West Germany has become the first major American ally to openly set itself apart from Reagan administration efforts to isolate the Salvadoran left internationally, endorsing an effort by German political parties to establish contacts between El Salvador's government and opposition.

The West German initiative was disclosed Wednesday and elaborated on in Bonn yesterday. It is only one of several signs that the U.S. diplomatic drive in Western Europe and Latin America has fallen short of winning the kind of unqualified backing from influential countries in both regions that the administration is seeking.

Britain, France, Italy and even the West Germans called U.S. documents "convincing" when presented by special envoy Lawrence Eagleburger in an effort designed to demonstrate widespread Communist arms support for leftist revolutionaries. The Europeans condemned the Communist support as "unacceptable interference" in the affairs of the violence-torn Central American country.

Behind the scenes, however, leading policy makers in France and West Germany have gone out of their way to stress that their public statements should not imply support for either side to settle the Salvadoran conflict by military means. Their stress on the need for a political solution and for social reforms stands in sharp contrast to the posture of the Reagan administration, which calls for pouring in increased amounts of military hardware, and technical advisers, to assist the government in San Salvador.

The administration's special envoy to Latin America, Gen. Vernon Walters, appears to have been even less successful in winning public support for the administration's first major diplomatic drive. In Mexico, officials responded to the drive with comments praising Cuba and questioning U.S. policy while Walters was making his rounds in the region.

Leading officials in Brazil, while greeting Walters warmly, repeated their opposition to any type of intervention in El Salvador, a measure of the distance traveled since 1965 when Brazil was the only South American country to send troops to assist the U.S. intervention in the Dominican Republic as part of a short-lived "inter-American" peacekeeping force.

Similar sentiments have been expressed by officials in Venezuela and Argentina, two countries generally sympathetic to the government in San Salvador.

In Buenos Aires, Walters stressed that he was making no "request" of the Argentine government and that he was not seeking a possible blockade of Cuba. Argentine officials, nevertheless, were touchy at the suggestion that they might follow the U.S. lead just because Washington beckoned.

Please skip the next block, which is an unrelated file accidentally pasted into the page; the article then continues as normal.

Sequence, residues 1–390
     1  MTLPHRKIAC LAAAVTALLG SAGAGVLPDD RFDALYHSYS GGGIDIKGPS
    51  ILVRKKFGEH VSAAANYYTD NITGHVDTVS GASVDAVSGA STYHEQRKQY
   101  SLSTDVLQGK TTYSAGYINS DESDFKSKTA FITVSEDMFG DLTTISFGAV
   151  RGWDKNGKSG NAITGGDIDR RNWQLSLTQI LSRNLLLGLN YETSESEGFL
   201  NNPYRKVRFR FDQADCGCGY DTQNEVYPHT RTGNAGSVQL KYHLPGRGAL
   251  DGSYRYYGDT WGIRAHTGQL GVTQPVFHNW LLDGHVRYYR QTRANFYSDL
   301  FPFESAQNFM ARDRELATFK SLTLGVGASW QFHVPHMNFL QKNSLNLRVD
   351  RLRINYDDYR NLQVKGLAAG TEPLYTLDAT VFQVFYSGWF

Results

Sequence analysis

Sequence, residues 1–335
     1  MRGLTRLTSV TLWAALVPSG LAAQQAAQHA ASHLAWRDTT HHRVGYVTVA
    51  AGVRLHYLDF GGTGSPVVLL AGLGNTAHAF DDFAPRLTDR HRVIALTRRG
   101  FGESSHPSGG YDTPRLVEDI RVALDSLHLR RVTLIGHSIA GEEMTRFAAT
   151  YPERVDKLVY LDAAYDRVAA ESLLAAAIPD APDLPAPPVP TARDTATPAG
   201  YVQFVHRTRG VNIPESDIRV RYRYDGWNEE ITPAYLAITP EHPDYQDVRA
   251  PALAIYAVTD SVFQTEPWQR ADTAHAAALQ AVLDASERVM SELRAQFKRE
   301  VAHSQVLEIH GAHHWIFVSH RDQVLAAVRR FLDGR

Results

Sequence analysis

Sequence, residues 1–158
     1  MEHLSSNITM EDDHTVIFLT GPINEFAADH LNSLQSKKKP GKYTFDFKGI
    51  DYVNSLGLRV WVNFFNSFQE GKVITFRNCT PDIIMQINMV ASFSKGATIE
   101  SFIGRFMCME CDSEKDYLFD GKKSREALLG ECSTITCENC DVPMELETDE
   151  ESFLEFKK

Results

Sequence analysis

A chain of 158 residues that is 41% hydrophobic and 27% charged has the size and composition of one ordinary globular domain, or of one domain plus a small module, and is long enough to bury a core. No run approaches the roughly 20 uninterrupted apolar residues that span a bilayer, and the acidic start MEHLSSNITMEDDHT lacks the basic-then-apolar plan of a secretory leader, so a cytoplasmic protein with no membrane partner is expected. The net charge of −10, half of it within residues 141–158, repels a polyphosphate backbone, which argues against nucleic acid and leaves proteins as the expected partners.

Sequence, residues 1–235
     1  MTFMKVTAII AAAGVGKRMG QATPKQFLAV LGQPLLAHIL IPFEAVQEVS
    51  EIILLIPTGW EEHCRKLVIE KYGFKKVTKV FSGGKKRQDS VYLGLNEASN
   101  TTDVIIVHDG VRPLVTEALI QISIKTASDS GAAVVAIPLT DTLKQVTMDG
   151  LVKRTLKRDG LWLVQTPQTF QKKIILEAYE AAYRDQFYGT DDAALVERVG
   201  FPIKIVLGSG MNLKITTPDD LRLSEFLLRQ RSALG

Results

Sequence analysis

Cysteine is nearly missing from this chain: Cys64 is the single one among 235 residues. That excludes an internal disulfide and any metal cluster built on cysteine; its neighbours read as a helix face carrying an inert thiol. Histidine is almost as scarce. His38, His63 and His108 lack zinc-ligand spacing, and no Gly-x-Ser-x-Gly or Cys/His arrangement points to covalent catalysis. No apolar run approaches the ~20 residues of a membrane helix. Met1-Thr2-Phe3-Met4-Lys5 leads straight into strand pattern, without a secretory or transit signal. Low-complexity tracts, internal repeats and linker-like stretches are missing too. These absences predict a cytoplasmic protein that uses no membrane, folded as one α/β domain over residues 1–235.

"The era of collective decision-making in the Oas [Organization of American States] has ended," said one irritated Foreign Ministry official after Walters left.

The most significant Latin response, and the one which most fully indicates the difficulty the Reagan administration will have in pressing its case, came from Mexico.

In the days since Walters brought his evidence of outside interference to the attention of Mexican officials, Mexican President Jose Lopez Portillo has:

Publicly embraced Cuba as the country in Latin America "most dear" to Mexico.

Warned against the "unscrupulous arrogance of military power" while lamenting that Central America "has unfortunately became elevated to the undesirable rank of strategic frontier."

Warned, on Tuesday, against U.S. intervention in El Salvador, saying it is neither "natural nor reasonable" for powerful outsiders to "fight over our conflicts as though they were the owners."

The West German initiative appears to reflect both strains within the governing Social Democratic Party of Chancellor Helmut Schmidt and a West German tradition of trying to mediate sharp differences between leftists and rightists.

In a public statement Wednesday, government spokesman Kurt Becker said Bonn "expressed its understanding for the American worry over the developments in El Salvador and over the influence of Communist states on the inner conditions of the country."

Becker went on to say, however, that the Bonn government "opposes all use of violence in El Salvador, whether from the right or the left."

Becker said Eagleburger had been informed of the West German decision to try to bring together "the democratic powers" on both sides in El Salvador.

Specifically, Becker said efforts were under way to get representatives of the government junta and the Democratic Revolutionary Front, the left's umbrella grouping to accept invitations from the West German Christian Democratic and Social Democratic parties, respectively, perhaps early in March. The State Department has labeled the Democratic Revolutionary Front a front organization for Marxist-dominated leftist guerrillas.

Sources close to Schmidt said yesterday that while Bonn fully understands U.S. concern about El Salvador, it believes the solution to the country's problems must be political and not military.

French Foreign Minister Jean Francois-Poncet voiced similar sentiments earlier this week when he said at a press conference here that France believes military means will not solve El Salvador's civil strife and that economic and social reforms are required.

British opposition leader Michael Foot, responding to the government's strong endorsement of Washington's demand that outside intervention in El Salvador be stopped, called on Prime Minister Margaret Thatcher to impress on President Reagan during her talks in Washington this week that "many of us would regard it as deeply offensive if such supplies [of additional American military equipment] were to go into El Salvador on the side of tyranny and reaction."